Departures of leaders at marijuana companies are not unusual these days, but Joe Caltabiano's came as a shock.

The co-founder and president of Chicago-based Cresco Labs (CRLBF 1.73%), who stepped down from his posts in early March, gave no apparent prior indication he was departing. And his exit came shortly after the full legalization of recreational cannabis in Illinois -- a real boon for a company that has a widening dispensary network centered in its home state.

The Motley Fool contributor Eric Volkman had the opportunity to interview Caltabiano via email. In their talk, Caltabiano began by addressing his resignation. Then he provided observations about the current state of the marijuana business, and where he thinks cannabis companies need to go from here if they're to be successful.

Joe Catalbiano

Joe Caltabiano; Image source: Maverick Public Relations

Eric Volkman: The marijuana industry as a whole is really struggling these days, due in no small part to numerous external factors. Was this a key reason you resigned from Cresco Labs?

Joe Caltabiano: I am very proud of all we have accomplished at Cresco Labs. My decision to resign comes from my desire to be sure Cresco is always in the best position possible at every turn. As the company has evolved from a gritty start-up company to a regional player to now a public company with over 1,800 employees, the organization has different needs. My skill set, in part, is what got Cresco to where it is today. But I think there is a great opportunity to add new blood to the organization who can take it to the next level. While I am certainly capable of executing the vision, my passion lies in the early stages of business.

Volkman: Given the current environment, what can vertically integrated cannabis companies do to become profitable, or at least stem their losses?

Caltabiano: I think the answer lies in your question. Being vertically integrated is paramount to the success in the industry at the present time. Unlike other industries with mature supply chains or seasoned big box retail stores, cannabis is still very much a nascent sector. You could be the best retail operator in the world, but if you can't get product on your shelves you will not achieve your maximum revenue potential. Conversely, you could be the best grower, but if retailers don't buy your product because they are focused on selling their own, you are left with a surplus of product and price erosion begins. I think having a vertical operation is critical to success. With that being said you can have one part of the supply chain that you favor more than the other and that can vary from market to market. However, being vertical is the only way to become profitable on scale.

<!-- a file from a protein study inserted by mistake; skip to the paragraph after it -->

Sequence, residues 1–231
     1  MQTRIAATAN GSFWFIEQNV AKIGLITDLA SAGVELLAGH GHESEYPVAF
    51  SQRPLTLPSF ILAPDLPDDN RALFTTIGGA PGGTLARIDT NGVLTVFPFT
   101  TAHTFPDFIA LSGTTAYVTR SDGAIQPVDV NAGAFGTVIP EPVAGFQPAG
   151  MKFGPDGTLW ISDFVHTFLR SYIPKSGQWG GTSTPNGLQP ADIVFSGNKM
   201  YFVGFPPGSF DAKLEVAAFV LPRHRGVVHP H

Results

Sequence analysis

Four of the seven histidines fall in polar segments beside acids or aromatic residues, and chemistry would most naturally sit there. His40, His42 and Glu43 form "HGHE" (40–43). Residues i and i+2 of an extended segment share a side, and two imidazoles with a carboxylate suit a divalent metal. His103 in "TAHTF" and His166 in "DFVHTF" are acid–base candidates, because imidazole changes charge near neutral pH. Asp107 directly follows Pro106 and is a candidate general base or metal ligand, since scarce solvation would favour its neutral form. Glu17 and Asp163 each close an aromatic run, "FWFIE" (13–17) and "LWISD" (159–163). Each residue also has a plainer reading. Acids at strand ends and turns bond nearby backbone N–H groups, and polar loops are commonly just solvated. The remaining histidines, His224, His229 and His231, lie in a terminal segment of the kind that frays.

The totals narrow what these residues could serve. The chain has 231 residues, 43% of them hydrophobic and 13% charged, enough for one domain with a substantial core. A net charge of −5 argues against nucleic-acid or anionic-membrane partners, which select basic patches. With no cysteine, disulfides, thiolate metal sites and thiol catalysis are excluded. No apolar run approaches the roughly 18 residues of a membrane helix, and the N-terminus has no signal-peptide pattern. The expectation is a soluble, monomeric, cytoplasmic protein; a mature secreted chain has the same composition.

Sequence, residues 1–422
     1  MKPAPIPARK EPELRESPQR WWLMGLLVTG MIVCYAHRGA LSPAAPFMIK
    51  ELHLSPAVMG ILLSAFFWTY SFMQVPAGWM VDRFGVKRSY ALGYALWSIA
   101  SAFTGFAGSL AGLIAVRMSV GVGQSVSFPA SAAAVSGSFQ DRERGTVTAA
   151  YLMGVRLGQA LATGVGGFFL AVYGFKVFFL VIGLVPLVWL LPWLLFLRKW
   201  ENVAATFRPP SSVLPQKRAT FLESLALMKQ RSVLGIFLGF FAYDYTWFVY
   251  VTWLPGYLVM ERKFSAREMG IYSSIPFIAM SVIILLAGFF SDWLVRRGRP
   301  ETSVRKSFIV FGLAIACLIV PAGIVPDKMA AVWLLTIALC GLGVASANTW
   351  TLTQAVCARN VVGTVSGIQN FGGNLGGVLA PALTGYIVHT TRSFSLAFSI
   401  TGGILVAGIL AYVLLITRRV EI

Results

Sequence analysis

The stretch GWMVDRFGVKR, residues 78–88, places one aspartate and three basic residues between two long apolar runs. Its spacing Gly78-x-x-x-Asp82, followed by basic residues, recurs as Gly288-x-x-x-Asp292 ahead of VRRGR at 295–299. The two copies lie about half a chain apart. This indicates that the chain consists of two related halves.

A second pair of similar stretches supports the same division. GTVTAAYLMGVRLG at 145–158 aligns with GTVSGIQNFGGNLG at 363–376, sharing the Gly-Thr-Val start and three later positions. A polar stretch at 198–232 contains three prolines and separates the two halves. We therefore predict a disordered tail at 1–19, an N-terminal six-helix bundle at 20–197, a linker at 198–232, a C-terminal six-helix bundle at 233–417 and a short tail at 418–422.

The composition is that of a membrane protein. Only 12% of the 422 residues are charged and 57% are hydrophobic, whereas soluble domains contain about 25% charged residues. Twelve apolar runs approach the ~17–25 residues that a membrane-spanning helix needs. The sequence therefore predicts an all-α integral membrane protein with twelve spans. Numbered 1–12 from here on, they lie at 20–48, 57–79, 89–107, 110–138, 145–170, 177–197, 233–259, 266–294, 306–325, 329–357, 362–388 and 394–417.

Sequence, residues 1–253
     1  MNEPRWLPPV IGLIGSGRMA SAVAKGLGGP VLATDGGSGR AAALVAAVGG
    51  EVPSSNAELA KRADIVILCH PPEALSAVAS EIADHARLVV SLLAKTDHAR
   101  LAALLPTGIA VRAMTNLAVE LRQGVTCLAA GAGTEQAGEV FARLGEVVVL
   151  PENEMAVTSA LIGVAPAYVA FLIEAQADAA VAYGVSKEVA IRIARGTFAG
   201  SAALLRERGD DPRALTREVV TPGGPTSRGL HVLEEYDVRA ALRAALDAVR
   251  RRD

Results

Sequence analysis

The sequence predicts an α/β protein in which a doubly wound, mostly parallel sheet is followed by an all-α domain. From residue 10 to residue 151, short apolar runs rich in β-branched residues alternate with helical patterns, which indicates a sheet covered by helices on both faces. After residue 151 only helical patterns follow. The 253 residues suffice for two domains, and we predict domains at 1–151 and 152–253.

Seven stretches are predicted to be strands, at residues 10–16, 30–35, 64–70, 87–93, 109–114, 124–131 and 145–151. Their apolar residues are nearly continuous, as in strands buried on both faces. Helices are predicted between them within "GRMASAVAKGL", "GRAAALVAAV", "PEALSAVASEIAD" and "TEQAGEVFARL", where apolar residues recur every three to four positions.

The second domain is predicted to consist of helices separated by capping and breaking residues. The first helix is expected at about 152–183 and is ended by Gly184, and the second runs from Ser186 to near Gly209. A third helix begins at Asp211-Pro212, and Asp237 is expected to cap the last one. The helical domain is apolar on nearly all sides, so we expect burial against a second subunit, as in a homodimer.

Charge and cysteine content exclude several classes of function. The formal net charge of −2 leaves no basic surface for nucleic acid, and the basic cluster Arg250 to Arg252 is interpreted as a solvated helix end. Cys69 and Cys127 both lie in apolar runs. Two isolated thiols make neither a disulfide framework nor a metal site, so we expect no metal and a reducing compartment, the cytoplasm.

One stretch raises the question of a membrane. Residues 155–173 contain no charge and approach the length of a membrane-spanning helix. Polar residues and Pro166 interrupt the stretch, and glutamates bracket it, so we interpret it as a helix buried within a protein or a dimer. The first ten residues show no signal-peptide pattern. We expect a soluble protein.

Volkman: Last year, you were instrumental in Cresco's purchase of Origin House. Do you feel the "acquisition wave" in the cannabis industry is still cresting or has the desire to buy died down somewhat?

Caltabiano: This comes back to my reason for leaving. I think the industry is ripe with opportunities and especially distressed opportunities. The acquisition wave is just beginning, but it will look different than it did previously. You see many large scale M&A transactions fall apart, especially if one or more of the companies are public. These transactions take a long time given state approvals and also the [U.S. Department of Justice] involvement. Stock prices can fluctuate wildly and make transactions much more dilutive or expensive. Or some of the acquisition targets may still have significant cash burns that large public companies can't burden right now as there is a tremendous focus on profitability. However, well funded private companies have more flexibility to work through distressed assets, reinvest in the infrastructure and help bring them back to their full potential. 

A Sunnyside* dispensary in Champaign, Illinois.

An Illinois branch of Cresco Labs' Sunnyside* chain of dispensaries   Image source: Cresco Labs

Volkman: In your opinion, these days what is the No. 1 mistake publicly traded cannabis companies are making?

Caltabiano: Not controlling expenses. In an industry where access to capital can be sporadic, companies need to keep spending in line. This mistake is easily avoided by having realistic models that take into account slow ramp-ups, extended regulatory time frames, price compression, and other factors.

Volkman: What single thing gives you the most hope for the marijuana industry as a whole?

Caltabiano: This plant is truly amazing. It has the potential to impact so many peoples' lives for the better. I have never seen a better product that can be used by the very ill and the very healthy all with the expectation of improving their overall quality of life. When you have a baseline like that, the industry's potential is limitless.

Volkman: You were involved in the mortgage business before co-founding Cresco Labs. What do you think executives from other business sectors can bring to the marijuana industry?

Caltabiano: There's so much that executives from other sectors can bring to this industry. This industry has the opportunity to draw on successes from various industries and almost every profession. Some are obvious, like pharma and liquor, but also fashion, cosmetics, finance, legal, and many others. I think the cannabis industry can be nimble and can avoid some of the pitfalls that other industries have fallen victim to, such as relying solely on [people with] MBAs to run a company. The industry should tap into the real subject matter experts who may have been working in this space for decades. We have the opportunity to find leaders who embody true entrepreneurial spirit and the grit that it takes to get through the growing pains that every fledgling industry will experience.